More than 10% of the proteins encoded by C. destructans are predicted to be involved in modifying and influencing the host cell. Most prominent are 98 copies of ankyrin-repeat domain proteins. This concurs with observations of other intracellular parasitoids among the TM6 candidate phylum, such as Babela massiliensis, but also includes unrelated intracellular parasites such as Legionella spp., and giant viruses [5, 1618]. The exact function of ankyrin-repeat domain proteins is unknown, but they have been implicated in membrane modification and counteracting the host immune system [17, 19, 20]. A CDS for a protein distantly resembling mitofilin was also found and is an intriguing candidate for causing the extensive manipulation of the mitochondrion.

Similar to genes thought to engage in host interaction, there are several sequences that putatively code for proteins involved in interacting with competing symbionts or pathogens, including antibiotic resistance factors such as a Bacitracin-resistance protein or the L-ascorbate metabolism protein UlaG; however, complete pathways were not evident. In addition, quorum-sensing mechanisms as well as CRISPR loci were absent.

A sec secretion system is likely used to export proteins in the periplasm and to secrete proteins. Interestingly, 44% of all CDS possess a putative signal peptide that targets them to the secretion system, either as membrane proteins or as secreted proteins. This subset of secreted proteins is enriched in ORFans and proteins of unknown function compared to the complete set of CDS (Fig 3B). However, other overrepresented fractions include putative CDS for proteins that break down or alter the host, such as proteinases and nucleases, and most prominently the ankyrin-repeat domain proteins, 78% of which contain a signal protein.

Phylogenetic position of Chromulinavorax destructans within the candidate phylum Dependentiae

Full length 16S rDNA maximum likelihood (ML) phylogenetic analysis of the Dependentiae places C. destructans into the proposed order Babeliales and within the class Babeliae [3], but as a sister family to the Babeliaceae, for which the name Chromulinavoraceae (fam. nov.) is proposed (Fig 4A). The proposed family is separate from the clade containing the original MAG of JCVI_TM6SC1 and, based on a partial 16S sequence, also separate from Vermiphilus pyriformis and its proposed family Vermiphilaceae [4]. The basal nodes in the 16S rDNA ML tree are poorly supported, likely due to undersampling, and similar to a previous analysis [3].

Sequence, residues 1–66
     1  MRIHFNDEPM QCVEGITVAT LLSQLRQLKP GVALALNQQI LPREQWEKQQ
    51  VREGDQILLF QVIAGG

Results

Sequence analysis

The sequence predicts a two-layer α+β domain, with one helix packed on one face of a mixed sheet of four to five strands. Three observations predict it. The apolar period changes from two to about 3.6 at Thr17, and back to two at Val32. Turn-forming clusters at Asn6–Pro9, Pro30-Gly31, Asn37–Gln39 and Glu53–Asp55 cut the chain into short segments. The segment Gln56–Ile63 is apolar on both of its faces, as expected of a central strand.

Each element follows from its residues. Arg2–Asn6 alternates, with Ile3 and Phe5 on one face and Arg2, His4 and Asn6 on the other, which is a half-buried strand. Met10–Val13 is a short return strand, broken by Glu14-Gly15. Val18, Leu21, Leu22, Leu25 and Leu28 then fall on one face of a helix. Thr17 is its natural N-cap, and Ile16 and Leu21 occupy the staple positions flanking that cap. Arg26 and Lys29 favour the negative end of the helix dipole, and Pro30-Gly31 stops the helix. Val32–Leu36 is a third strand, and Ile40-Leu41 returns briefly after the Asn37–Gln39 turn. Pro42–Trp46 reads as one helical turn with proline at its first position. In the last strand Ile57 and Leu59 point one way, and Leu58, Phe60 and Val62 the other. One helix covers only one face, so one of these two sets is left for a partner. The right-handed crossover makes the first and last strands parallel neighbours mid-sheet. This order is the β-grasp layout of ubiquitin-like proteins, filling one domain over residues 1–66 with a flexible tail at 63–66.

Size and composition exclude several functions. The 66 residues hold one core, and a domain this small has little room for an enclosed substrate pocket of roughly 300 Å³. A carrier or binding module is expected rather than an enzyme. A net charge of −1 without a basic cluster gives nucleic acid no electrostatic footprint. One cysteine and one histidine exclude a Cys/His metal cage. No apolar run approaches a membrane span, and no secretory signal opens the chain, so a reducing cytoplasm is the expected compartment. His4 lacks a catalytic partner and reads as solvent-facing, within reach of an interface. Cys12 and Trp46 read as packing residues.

Fig 4. Phylogenetic placement of Chromulinavorax destructans.

A) 16S full length rDNA ML tree (1000 BS replicates) showing the Dependentiae phylum. “Substantially complete” MAGs highlighted in blue, isolates in red. Solid circles show node support of >90 and open circle >50. B) ML tree of ribosomal proteins (L2, L3, L4, L5, L6, L14, L15, L16, L18, L22, L24, S3, S8, S10, S17, S19; BS support based on 1000BS replicates). C) Shared gene clusters between C. destructans and members of its family Chromulinavoraceae (UASB293, SOIL82, and JCVI TM6SCI) and Babela massiliensis as a representative of the Babeliaceae.

The phylogenetic position of C. destructans was also explored by ML analysis of concatenated ribosomal proteins from MAGs that confidently contained all of the ribosomal CDSs investigated (Fig 4B). The resulting tree reflects the architecture of the 16S rDNA tree and supports the proposed Chromulinavoraceae as a sister family to the Babeliaceae within the order Babeliales, which is distinct from a second well-supported order of environmental sequences (Fig 4B). Genome-content analysis of representatives of the two families within the Babeliales supports the separation of the families Babeliaceae and Chromulinavoraceae. The proposed members of the Chromulinavoraceae share more clusters of orthologous genes with each other than with Babela masiliensis of the Babeliaceae, despite the Chromulinavoraceae including a potentially incomplete MAG (SOIL82) and the Babeliaceae being represented by complete genomes (Fig 4C).

Similarly, full genome taxonomical analysis against the Genome Taxonomy Database clustered C. destructans confidently within the order Babeliales, while occupying a separate family from the Babeliaceae and the recently proposed Vermaphilaceae (S3 Fig). One previous MAG (GB_GCA_002721975.1) in the Genome Taxonomy Database that was assigned to the Chromulinavoraceae originated form a pelagic metagenomic sample from the South Pacific Ocean; it showed a relative evolutionary divergence of 0.789 suggesting divergence at genus level [21, 22].


Chromulinavorax destructans is highly host-dependent